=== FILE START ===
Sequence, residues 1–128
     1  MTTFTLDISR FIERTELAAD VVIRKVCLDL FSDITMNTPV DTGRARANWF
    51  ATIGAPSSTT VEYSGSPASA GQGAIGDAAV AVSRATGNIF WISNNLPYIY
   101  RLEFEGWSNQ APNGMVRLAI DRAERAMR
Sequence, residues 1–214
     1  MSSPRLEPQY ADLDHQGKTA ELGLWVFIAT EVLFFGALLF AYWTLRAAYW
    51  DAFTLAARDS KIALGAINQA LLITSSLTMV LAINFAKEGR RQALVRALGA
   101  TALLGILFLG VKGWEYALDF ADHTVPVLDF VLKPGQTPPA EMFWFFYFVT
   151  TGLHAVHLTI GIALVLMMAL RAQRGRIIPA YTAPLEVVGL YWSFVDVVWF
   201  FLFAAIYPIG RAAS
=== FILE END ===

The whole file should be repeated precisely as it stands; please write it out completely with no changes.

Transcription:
Sequence, residues 1–128
     1  MTTFTLDISR FIERTELAAD VVIRKVCLDL FSDITMNTPV DTGRARANWF
    51  ATIGAPSSTT VEYSGSPASA GQGAIGDAAV AVSRATGNIF WISNNLPYIY
   101  RLEFEGWSNQ APNGMVRLAI DRAERAMR
Sequence, residues 1–214
     1  MSSPRLEPQY ADLDHQGKTA ELGLWVFIAT EVLFFGALLF AYWTLRAAYW
    51  DAFTLAARDS KIALGAINQA LLITSSLTMV LAINFAKEGR RQALVRALGA
   101  TALLGILFLG VKGWEYALDF ADHTVPVLDF VLKPGQTPPA EMFWFFYFVT
   151  TGLHAVHLTI GIALVLMMAL RAQRGRIIPA YTAPLEVVGL YWSFVDVVWF
   201  FLFAAIYPIG RAAS